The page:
This week another rash of political polls confirmed the November 26 election will be about how big a slice of the total vote National will have. Labour is now polling on average around 30%.
How did it come to be in such a difficult position? A number of factors ensure it does not present itself as a viable alternative Government.
The first was the takeover of the Labour Party machine by Helen Clark supporters Margaret Wilson, Ruth Dyson and Maryann Street from 1991. The full takeover occurred in 1993 when Clark secured leadership of the Parliamentary Labour team. The control of any party or organisation by one leader ensures new talent will always find it hard to make ground.
Politics is the opposite of normal good practice, where you bring on merit and talent as a survival and succession method.
Consequently, the present Labour Party list is lacklustre and full of a number of very average performers stretching back to the ministerial positions some held under the David Lange regime.
Another factor which can solely be attributed to Clark and her lieutenants was the destruction of any overt, robust, healthy contest of ideas. Instead of debating a cohesive and comprehensive ideology that defined what modern Labour stood for and how it was going to advance and implement that, Clark saw this very necessary conversation as a challenge to her leadership. The notion of left and right-wing factions in the party was done away with.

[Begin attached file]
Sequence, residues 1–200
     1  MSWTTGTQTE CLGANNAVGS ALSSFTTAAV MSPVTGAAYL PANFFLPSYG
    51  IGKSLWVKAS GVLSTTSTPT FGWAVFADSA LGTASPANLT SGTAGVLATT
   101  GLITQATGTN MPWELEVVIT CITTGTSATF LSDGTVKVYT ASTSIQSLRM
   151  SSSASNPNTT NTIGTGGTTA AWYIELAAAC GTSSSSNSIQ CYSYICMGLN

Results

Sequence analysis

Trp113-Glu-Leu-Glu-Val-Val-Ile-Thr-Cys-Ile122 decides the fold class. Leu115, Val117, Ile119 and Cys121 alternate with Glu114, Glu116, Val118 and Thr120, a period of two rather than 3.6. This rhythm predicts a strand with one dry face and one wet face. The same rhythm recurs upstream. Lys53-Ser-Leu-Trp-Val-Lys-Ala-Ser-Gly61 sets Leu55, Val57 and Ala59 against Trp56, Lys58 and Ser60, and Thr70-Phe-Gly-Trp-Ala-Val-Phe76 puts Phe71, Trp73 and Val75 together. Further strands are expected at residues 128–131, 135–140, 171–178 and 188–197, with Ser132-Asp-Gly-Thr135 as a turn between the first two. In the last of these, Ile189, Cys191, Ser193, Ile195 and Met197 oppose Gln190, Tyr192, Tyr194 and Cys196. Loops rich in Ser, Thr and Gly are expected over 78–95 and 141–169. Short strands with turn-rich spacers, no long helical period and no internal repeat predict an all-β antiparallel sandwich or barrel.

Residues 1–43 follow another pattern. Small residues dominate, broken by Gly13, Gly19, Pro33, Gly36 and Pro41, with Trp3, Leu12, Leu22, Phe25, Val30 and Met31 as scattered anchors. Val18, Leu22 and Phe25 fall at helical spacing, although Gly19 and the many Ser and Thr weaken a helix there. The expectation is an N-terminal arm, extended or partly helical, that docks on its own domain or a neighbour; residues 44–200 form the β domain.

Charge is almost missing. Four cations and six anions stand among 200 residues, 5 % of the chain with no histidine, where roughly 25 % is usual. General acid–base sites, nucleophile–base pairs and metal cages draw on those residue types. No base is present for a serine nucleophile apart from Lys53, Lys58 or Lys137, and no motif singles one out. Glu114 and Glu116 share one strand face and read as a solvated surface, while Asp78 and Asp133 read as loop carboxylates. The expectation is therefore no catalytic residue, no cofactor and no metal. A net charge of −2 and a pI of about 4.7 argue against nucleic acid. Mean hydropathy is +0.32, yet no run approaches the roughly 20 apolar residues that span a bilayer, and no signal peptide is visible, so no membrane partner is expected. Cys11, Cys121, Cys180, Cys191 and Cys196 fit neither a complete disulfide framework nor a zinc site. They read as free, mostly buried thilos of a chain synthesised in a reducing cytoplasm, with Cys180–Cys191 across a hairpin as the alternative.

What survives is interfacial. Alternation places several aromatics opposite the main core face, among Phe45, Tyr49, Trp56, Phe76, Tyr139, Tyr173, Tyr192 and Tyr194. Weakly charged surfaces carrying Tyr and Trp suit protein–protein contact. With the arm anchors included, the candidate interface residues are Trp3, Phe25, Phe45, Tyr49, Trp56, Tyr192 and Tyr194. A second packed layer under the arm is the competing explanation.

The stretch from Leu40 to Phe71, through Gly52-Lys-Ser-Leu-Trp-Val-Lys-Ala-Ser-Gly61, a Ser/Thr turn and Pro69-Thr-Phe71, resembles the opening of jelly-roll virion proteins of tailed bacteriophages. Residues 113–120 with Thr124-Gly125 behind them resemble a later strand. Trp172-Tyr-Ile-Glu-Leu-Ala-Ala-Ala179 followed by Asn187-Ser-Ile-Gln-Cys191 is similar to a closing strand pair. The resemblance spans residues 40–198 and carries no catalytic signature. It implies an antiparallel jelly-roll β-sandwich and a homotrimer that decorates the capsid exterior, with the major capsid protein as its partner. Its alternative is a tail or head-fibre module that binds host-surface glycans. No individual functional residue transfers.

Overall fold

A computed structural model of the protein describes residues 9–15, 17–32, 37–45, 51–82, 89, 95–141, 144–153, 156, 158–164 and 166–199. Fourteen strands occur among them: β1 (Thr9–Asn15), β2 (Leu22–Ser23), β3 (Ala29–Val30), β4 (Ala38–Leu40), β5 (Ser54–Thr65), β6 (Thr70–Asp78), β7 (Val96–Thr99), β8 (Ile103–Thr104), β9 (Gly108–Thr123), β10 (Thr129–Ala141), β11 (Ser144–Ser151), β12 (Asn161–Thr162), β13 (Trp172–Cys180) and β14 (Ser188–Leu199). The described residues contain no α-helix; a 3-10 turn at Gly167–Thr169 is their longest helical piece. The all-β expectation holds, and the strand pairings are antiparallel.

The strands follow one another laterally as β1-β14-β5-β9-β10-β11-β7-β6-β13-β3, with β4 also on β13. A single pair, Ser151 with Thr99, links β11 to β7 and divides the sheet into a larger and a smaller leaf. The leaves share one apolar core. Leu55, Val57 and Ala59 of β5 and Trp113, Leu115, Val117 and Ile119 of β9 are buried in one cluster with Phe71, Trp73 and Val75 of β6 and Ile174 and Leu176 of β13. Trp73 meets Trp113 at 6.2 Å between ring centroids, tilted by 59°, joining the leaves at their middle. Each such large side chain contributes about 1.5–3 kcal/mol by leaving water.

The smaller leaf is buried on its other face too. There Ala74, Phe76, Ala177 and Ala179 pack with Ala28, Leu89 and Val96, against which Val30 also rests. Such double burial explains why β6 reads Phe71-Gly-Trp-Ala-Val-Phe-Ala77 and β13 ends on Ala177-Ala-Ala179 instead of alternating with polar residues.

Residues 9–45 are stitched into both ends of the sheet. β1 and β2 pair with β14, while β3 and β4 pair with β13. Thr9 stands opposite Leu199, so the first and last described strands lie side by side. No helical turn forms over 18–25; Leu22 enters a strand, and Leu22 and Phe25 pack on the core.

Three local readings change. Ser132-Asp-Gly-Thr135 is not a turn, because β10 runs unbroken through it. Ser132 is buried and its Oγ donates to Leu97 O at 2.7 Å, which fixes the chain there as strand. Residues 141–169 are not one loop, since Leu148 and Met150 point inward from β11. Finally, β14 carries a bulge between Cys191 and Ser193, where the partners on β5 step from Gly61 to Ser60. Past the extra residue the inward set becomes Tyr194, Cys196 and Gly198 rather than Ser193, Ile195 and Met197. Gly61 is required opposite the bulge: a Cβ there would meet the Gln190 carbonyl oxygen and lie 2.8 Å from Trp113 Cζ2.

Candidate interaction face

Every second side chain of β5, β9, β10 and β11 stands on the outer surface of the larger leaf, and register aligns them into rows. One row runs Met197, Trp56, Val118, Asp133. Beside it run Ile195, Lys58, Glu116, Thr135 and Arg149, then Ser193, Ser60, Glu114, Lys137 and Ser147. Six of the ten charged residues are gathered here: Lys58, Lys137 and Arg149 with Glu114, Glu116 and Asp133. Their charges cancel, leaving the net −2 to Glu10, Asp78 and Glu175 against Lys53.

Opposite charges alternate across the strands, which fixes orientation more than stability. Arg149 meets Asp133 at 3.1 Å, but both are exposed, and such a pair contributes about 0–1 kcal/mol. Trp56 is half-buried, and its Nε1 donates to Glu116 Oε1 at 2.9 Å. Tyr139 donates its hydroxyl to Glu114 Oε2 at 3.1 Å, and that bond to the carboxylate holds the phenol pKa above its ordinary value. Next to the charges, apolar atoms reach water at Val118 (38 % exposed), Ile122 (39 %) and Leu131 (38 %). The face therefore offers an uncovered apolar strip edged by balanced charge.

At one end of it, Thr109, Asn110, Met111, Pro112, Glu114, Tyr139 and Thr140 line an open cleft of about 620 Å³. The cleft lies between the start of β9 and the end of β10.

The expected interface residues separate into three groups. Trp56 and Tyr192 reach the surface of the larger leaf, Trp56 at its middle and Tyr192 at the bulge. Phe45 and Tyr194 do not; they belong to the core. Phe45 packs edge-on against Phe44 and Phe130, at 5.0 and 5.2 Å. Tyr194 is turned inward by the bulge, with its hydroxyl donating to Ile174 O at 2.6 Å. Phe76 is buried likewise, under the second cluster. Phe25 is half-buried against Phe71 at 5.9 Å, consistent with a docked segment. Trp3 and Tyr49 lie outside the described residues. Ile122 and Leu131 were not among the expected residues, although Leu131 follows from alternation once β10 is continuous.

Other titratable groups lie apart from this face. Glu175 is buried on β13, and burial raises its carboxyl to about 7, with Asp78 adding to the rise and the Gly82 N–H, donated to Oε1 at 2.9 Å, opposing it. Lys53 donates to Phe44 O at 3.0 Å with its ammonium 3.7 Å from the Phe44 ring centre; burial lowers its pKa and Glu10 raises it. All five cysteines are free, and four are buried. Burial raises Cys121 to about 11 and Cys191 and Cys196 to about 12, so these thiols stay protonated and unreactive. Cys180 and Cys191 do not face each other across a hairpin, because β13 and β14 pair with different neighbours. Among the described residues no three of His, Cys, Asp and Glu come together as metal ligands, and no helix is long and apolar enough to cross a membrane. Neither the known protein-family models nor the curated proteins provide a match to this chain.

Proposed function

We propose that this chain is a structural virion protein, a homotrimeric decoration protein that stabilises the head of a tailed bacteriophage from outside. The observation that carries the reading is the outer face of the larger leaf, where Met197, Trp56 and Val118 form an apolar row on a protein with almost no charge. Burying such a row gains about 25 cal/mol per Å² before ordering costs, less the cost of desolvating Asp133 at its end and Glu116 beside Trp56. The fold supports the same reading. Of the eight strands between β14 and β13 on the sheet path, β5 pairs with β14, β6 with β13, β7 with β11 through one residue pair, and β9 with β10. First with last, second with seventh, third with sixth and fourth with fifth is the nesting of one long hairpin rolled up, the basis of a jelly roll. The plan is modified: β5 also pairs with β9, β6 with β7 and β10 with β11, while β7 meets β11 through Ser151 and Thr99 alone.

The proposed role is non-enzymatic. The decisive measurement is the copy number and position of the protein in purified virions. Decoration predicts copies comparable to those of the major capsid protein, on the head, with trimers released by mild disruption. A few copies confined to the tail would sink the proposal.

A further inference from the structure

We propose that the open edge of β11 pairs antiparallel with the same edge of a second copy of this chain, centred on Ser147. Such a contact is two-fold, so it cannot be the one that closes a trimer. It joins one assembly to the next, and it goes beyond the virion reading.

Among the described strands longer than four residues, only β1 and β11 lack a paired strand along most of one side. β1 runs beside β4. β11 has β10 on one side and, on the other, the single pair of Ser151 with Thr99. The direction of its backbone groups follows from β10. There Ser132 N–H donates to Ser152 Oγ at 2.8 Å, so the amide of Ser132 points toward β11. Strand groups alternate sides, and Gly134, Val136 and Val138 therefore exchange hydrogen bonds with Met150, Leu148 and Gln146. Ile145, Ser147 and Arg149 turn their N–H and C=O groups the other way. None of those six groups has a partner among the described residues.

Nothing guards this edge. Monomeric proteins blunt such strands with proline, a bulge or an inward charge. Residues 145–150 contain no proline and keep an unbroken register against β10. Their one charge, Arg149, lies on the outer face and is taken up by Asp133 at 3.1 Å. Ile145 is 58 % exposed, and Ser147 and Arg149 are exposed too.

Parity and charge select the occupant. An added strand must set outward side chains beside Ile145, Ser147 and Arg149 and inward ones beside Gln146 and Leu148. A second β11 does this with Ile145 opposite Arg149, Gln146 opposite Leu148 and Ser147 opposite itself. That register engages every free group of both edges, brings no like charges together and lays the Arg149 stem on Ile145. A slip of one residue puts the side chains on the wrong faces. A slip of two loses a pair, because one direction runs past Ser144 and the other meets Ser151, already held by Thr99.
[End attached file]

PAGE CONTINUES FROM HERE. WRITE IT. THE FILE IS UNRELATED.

The Labour Party was broken up into a number of interest groups, in effect powerful lobby groups that chose the lacklustre party list. The interest groups are the women's division, the gay division, the Pacific Island division, the Maori division – you get the picture.
The union movement, which was the foundation of the party, when smoko sheds up and down this country vibrated with political discussion, is now gone. The unionists within the party now help negotiate marginal changes and conditions.
They no longer have a rationale other than to be paid advisors for a bunch of employees.This all worked well in ensuring Clark maintained absolute authority.
But Labour now has a tremendous opportunity to renew, revitalise, and re-position. National was devastated in 2002 and had to renew. John Key is a product of that renewal, Labour leader Phil Goff is merely a byproduct.
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